There's one mom who I really can NOT stand. She has twins and two more at home, and she is the long-suffering mom. It's all about how difficult it is for her. Even the weather is against her. I never hear her happy about anything. Except that she seems to really enjoy complaining. And doling out advice to everyone else. She seems to think that because she has more than one child, she knows more than those of us with "only one." It's obnoxious. Here's some of her advice: "TV is a great motivator." As in, you can get kids to do what you want if you offer them tv. Oy. She even admits it's probably bad parenting, but "I don't care, because it works." She's all about controlling her kids, and they are always trying to get away with something (her viewpoint). Sitting next to her (which I now avoid), I can feel the icky waves of stress and dischord flowing off of her.

There's another mom who has teenagers at home and she is constantly saying some variation of "Just wait, it's worse when they're teenagers."

These are not my people.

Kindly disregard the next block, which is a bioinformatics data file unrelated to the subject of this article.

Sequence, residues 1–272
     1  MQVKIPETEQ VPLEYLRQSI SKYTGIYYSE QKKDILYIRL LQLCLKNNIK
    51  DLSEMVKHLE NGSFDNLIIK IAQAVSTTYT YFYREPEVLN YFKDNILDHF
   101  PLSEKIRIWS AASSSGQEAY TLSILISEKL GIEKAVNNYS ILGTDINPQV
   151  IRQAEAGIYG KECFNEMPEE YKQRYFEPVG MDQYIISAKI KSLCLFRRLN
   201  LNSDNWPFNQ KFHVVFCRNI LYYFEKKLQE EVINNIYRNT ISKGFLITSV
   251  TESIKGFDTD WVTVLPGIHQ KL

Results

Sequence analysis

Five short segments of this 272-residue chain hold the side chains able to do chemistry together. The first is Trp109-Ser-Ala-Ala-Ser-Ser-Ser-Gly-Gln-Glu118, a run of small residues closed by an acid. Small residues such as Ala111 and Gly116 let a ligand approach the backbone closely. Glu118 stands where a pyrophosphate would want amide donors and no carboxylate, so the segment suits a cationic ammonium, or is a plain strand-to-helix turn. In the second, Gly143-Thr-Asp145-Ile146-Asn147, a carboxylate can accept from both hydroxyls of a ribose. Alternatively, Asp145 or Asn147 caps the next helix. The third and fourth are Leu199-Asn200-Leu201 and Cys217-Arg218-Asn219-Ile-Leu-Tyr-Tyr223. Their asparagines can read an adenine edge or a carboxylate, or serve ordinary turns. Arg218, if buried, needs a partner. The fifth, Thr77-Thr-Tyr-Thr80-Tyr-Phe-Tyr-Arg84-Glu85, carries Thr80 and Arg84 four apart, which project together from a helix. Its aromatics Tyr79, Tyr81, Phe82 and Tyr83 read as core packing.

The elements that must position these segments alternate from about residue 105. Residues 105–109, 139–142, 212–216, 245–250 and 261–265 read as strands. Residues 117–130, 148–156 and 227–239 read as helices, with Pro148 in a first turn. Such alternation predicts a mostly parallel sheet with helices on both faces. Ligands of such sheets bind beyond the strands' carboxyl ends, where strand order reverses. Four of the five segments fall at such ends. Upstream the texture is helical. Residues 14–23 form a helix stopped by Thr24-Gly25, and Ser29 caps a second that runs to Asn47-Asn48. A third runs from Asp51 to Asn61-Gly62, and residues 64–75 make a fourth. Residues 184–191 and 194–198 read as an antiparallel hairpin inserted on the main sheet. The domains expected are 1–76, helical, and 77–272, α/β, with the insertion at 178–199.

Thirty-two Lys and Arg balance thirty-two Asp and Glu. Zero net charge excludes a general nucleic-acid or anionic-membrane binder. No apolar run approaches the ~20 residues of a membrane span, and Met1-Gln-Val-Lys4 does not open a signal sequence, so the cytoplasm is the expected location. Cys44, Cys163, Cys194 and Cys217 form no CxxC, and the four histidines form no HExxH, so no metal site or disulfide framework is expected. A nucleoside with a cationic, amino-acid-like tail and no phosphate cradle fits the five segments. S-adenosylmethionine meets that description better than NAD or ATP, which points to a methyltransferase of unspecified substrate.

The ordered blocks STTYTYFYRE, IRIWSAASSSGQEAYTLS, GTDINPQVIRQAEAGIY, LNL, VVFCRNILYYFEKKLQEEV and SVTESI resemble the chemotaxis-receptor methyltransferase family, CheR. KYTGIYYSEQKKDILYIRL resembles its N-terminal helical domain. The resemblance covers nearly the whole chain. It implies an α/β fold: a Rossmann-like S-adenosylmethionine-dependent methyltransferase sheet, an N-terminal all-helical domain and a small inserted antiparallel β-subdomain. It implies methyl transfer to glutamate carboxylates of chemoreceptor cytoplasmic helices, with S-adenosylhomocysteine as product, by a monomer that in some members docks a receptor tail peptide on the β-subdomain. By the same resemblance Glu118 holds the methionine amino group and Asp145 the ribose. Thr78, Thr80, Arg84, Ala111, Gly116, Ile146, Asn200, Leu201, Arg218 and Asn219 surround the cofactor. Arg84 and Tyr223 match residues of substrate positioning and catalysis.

As far as the kids, some of them are like wild animals, running around screaming, or just sitting and yelling. Some are nice, though. I don't think Lily is enjoying the class as much as the classes she's had before at other schools, but I am trying to look at it positively. Maybe it's a good experience for her to have exposure to kids from different backgrounds, and to be the more mature kid in the bunch. Maybe she'll calm them down some. But sometimes I see her looking at some of the other kids like they are from another planet. Yes, honey, we are strangers in a strange land.

Mommy Doesn't Feel Good

So I've been having a rough time recently with my migraines again. I was doing really well in November and December, and then on New Year's Day it all went to pot. I started having awful headaches and not being able to see clearly. It really scared me.